This case modifies 1136 Tenants' by specifying that an accountant's duty to the client is defined by both the contract (as set forth in the engagement letter) and by "extracontractual" responsibilities. Thus, an engagement letter is necessary but not always sufficient to establish the limits of an accountant's responsibility to the client. If the extracontractual responsibilities result in additional procedures, this will increase the costs of engagements. Because the responsibilities are extracontractual, these added costs cannot be reduced by agreement with the client even if formalized in the engagement letter.

The majority opinion did not include a definition of extracontractual responsibilities. In a blistering dissent, one justice asked: "What are these extracontractual duties? If these duties cannot be articulated in a contract, how is it that the client is able to articulate

RELATED ARTICLE: EXECUTIVE SUMMARY

* AN ILLINOIS SUPREME COURT CASE may help change the longstanding interpretation of 1136 Tenants' Corp. v. Max Rothenberg & Co. The result of 1136 Tenants' was that accountants could limit their liability to clients through the use of engagement letters.

* THIS CASE MODIFIES 1136 Tenants' by specifying that an accountant's to the client is defined by both the contract (as set forth in the engagement letter) and by "extracontractual" responsibilities. Thus, an engagement letter is necessary but may not be sufficient to establish the limits of an accountant's responsibility to a client.

* THERE MAY STILL BE A PERCEPTION that accountants are required to assume a wide range of responsibilities beyond the contract, including preventing a client's self-deception, in any area that affects the financial statements. Because the Illinois court has not defined extracontractual responsibilities, it is impossible to tell what they include or what affects them.

DEAN CRAWFORD, PhD, and DIANA FRANZ, PhD, are assistant professors of accounting, department of accounting, College of Business Administration, University of Toledo, Ohio. RAYMOND A. ZIMMERMANN, JD, PhD, is assistant professor of accounting, department of accounting, College of Business Administration, University of Texas at El Paso. PHILIP R. FINK, CPA, JD, is professor of accounting, department of accounting, College of Business Administration, University of Toledo. that they have been breached in a complaint?" These are excellent questions that remain unanswered. In addition, the Illinois court found the CPA firm owed its client the duty to prevent self-deception.

Accountants have grown accustomed to lawsuits by third parties alleging inadequate disclosure in financial statements when an investment goes bad. It is also common for new managers to bring lawsuits claiming the auditors did not adequately disclose prior managers' actions. In Congregation, however, the same management that undertook an extremely risky investment strategy sued its accountants for not disclosing that strategy fully in the financial statements.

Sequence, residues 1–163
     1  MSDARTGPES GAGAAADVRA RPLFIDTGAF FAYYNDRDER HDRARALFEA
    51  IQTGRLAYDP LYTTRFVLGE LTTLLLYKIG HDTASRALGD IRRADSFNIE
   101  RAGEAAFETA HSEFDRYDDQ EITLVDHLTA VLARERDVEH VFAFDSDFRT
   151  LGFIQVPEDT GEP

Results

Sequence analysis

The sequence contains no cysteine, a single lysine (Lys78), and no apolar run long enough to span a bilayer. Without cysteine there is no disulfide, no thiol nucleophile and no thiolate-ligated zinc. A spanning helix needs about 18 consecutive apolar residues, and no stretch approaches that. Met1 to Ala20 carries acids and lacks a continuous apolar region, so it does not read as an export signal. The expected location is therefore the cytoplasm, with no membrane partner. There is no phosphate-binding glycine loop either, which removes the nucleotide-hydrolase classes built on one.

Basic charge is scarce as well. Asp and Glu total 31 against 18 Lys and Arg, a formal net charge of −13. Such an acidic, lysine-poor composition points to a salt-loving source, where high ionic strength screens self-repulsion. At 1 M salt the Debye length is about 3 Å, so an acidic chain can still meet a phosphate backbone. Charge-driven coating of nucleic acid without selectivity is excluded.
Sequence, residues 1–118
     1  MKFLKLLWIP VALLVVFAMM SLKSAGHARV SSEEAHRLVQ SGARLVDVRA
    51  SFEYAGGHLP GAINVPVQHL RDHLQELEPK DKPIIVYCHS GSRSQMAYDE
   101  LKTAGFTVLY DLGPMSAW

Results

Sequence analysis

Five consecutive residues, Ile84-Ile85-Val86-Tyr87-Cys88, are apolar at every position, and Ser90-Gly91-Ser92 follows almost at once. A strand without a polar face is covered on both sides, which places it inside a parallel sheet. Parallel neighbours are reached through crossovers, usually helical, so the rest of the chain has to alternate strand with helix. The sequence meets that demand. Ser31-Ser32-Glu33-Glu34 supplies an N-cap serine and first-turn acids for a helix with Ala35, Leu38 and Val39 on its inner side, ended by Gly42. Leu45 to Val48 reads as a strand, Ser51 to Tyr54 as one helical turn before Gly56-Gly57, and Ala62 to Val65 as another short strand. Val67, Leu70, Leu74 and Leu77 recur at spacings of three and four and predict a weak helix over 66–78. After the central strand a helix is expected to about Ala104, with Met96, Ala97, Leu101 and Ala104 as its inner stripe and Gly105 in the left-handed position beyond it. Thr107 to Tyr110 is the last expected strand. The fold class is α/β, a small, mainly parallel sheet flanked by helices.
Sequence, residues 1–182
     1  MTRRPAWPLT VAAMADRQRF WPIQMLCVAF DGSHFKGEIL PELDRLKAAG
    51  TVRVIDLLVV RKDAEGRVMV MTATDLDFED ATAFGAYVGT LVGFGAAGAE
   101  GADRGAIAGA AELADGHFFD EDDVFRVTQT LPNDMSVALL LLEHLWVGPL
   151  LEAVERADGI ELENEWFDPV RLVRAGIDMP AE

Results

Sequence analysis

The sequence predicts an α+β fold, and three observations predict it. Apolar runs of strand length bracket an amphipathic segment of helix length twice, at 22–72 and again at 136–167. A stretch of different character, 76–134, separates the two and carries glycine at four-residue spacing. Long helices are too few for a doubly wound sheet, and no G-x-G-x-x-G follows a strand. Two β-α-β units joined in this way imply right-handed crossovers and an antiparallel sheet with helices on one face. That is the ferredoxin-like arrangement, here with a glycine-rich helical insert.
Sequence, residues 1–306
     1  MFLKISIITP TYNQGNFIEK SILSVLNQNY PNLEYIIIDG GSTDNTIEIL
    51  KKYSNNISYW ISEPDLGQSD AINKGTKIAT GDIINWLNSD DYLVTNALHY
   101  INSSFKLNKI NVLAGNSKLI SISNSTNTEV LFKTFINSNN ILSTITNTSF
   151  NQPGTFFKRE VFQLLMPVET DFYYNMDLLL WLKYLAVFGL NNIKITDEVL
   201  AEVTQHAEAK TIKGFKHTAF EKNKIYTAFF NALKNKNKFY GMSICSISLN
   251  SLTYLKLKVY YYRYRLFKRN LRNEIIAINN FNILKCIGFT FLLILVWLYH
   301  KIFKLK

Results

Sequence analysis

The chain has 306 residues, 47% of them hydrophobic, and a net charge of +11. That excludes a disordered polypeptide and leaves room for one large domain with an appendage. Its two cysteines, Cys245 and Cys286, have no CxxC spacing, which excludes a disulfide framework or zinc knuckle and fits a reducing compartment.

The Congregation's suit was based on its claim that the CPAs were negligent in not reporting on the financial statements the market values of the Newell investments; therefore the Congregation claimed it maintained its accounts with Newell longer than it otherwise would have. The fallacy of this argument is that the Congregation had all the information it needed from periodic statements Newell provided. The Congregation claimed to have been misled by the omission from the financial statements of information that was already in its possession.

WHAT IT MEANS

In Illinois, the case sets precedent, although even there the final definition of extracontractual duties is far from settled. This year, an Illinois court applied the extracontractual responsibility doctrine to insurance brokers. The decision--which cites the Congregation case at length--applies this doctrine to all professional services and specifically mentions accountants. Outside the state, courts may or may not adopt the Illinois view of extracontractual responsibilities. The legal profession cites the Congregation case in American Law Reports, Annotated, which notes that a written contract is not sufficient to establish limits of professional liability. The perception may remain that accountants are required to assume a wide range of responsibilities beyond the contract, including preventing a client's self-deception, in any area that affects the financial statements.
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Article Details
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Title Annotation:Illinois; accountant liability; Congregation of the Passion, Holy Cross Province v. Touche Ross & Co.
Author:Fink, Philip R.
Publication:Journal of Accountancy
Date:Dec 1, 1995
Words:1412
Previous Article:The mirror standards.
Next Article:Financial accounting: EITF update.